Not every swaddle is made equal!

Plenty of evidence shows that swaddling, when used correctly, can be a tremendous way to promote safe sleeping. The Safe Sleep Guidelines from the American Association of Pediatrics are clear: swaddling helps to keep babies on their back, which is the ideal sleep position to assist in preventing SIDS (Sudden Infant Death Syndrome). Since the guidelines also recommend that there be no blankets, pillows or bumper pads in the crib, your baby needs to be swaddled in a correct and optimal manner. Properly done, the swaddle will stay in place, keeping baby safe and comfortable.

Some of the other benefits of swaddling?

  • Improved sleep for baby and for parents
  • Decreases the Moro startle reflex, in turn increasing REM sleep, which is vital for brain development.
  • Reduces colic and fussiness: a happy baby is a calm baby.
  • Prevents over-stimulation and helps your little one feel comforted by mimicking the comforts of the womb.
With these things in mind, here are some of the specifics on swaddling and what you should look for in an ideal swaddle.

Temperature regulating fabric

Fabrics that retain too much heat will only be uncomfortable at best and dangerous for baby, at worst. A baby’s body isn’t yet set up to regulate their own temperature perfectly and their small size means that they can quickly become overheated. Look for a moisture wicking fabric—as you would find in some sportswear—that will keep baby warm and dry, without overheating.

Moisture wicking fabrics pull perspiration away from the skin and through the fabric so it can evaporate, rather than remain on the skin. This is important because if not wicked away, during cooler winter nights, sweat that cools on the skin can cause baby’s body temperature to drop. And in the heat of summer, if sweat is simply trapped, baby can quickly overheat. A good fabric will keep baby comfortable all year around. Please remember it is also important to confer with your pediatrician to determine the ideal temperature for the room where your little one will be sleeping.

Flexible fabric

While some people worry that swaddling can interfere with proper hip development, among other joints, what you need to look for is a swaddle with fabric that has enough give to allow the hip joints to move freely without interfering with the comfort and safety benefits of the swaddle.

Avoid swaddles that restrict hip movement, as they can result in your baby developing hip dysplasia. Your baby needs free range of motion in their hips and legs to keep their joint development on track. The swaddle needs to be tight at the torso, but not below. It can still be perfectly safe, if bands are used below baby’s feet.

Don’t forget to band

Banding the swaddle below the feet is absolutely necessary, even as your baby grows, to ensure a snug and secure fit. What you don’t want is the fabric rising during sleep, potentially covering your baby’s face and creating a suffocation risk. Banding the excess fabric below baby’s feet ensures this won’t happen.

BONUS! Banding the bottom of the swaddle makes midnight diaper changes a breeze! No need to unswaddle and disturb baby completely, with hands flailing: just take off the band and do a quick change, ninja style.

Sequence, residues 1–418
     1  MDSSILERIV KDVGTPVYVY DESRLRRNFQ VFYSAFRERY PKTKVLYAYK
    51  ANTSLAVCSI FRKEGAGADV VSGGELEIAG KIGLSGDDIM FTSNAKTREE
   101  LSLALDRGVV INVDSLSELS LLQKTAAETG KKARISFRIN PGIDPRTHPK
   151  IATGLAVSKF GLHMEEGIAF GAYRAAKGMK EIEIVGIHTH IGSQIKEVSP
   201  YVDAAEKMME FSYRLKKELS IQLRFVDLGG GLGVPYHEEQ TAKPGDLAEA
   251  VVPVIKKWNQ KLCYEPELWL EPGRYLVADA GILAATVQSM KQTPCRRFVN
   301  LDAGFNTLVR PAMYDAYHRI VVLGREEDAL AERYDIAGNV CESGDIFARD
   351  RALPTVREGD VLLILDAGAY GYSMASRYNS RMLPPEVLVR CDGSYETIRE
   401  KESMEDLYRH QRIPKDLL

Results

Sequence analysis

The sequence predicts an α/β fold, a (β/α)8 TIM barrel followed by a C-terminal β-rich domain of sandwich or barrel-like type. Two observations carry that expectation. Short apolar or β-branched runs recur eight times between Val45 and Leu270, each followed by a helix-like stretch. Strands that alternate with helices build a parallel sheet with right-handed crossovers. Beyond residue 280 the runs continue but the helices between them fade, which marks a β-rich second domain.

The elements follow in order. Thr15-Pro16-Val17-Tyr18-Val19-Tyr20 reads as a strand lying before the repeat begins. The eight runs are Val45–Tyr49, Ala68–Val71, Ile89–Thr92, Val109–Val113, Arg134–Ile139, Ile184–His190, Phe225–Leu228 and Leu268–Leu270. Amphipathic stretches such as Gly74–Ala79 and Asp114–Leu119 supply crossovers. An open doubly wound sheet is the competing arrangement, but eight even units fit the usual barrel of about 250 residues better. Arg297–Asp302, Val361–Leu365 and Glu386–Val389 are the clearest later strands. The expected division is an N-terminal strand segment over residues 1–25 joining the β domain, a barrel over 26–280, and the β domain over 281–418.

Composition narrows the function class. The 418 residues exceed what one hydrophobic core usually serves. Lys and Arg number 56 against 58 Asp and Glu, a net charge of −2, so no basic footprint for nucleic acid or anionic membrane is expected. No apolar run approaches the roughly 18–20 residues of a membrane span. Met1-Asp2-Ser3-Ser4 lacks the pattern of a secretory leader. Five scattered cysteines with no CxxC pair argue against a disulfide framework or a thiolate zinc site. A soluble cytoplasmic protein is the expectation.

Swaddle sizing

A swaddle should fit so that your baby can have their shoulder above the top edge of the fabric when placed on the swaddle. This may seem a little counter-intuitive in that you might think that keeping the shoulder below the fabric line will keep baby more snuggly wrapped, but this actually poses the risk of suffocation if the fabric ends up in your baby’s face. Keeping the swaddle below the shoulders also ensures that no constraint is put on the shoulder joints.

Ideally, you’re looking for one with a flexible fit that will grow with your baby, though remember that once your baby is rolling over from back to stomach—typically around four to five months old—it’s time to consider using a transition swaddle (with one or both arms out) or stop swaddling altogether.
Keep it tight
Loose swaddles can actually pose a danger in that it could come undone with baby’s movement, the result being that the child gets tangled up in it. From the point of view of the Safe Sleep Guidelines, a loosened swaddle is basically a blanket and therefore a no-no in the crib.
How tight is tight enough? You should still be able to slide your hand flat between your baby’s chest and the swaddle, but not more than that.
There is no doubt that swaddling is the perfect way to help your baby master sleeping comfortably and safely. Finding a swaddle that works for your baby is the key!

This post was written by Hindi Zeidman, the infant mental health clinician who designed the award-winning Ollie Swaddle with the guidance from a Pediatric Neuro-Developmental Psychologist. The Ollie Swaddle extends the duration of sleep for all babies (including preemies and high risk), reduces fussiness, and helps baby self-calm. The elasticity allows for freedom of movement while the opening at the bottom makes it easy to change diapers. The Ollie Swaddle helps ensure your baby is content and getting the sleep they need. Ollie Swaddle’s patented moisture-wicking material supports the health and development of your little one from day one. The luxuriously soft and gentle feel keeps your baby tightly swaddled while regulating their temperature to keep them comfortable and cool, which reduces the risk of overheating. You can also follow them on FacebookTwitter, and Instagram.

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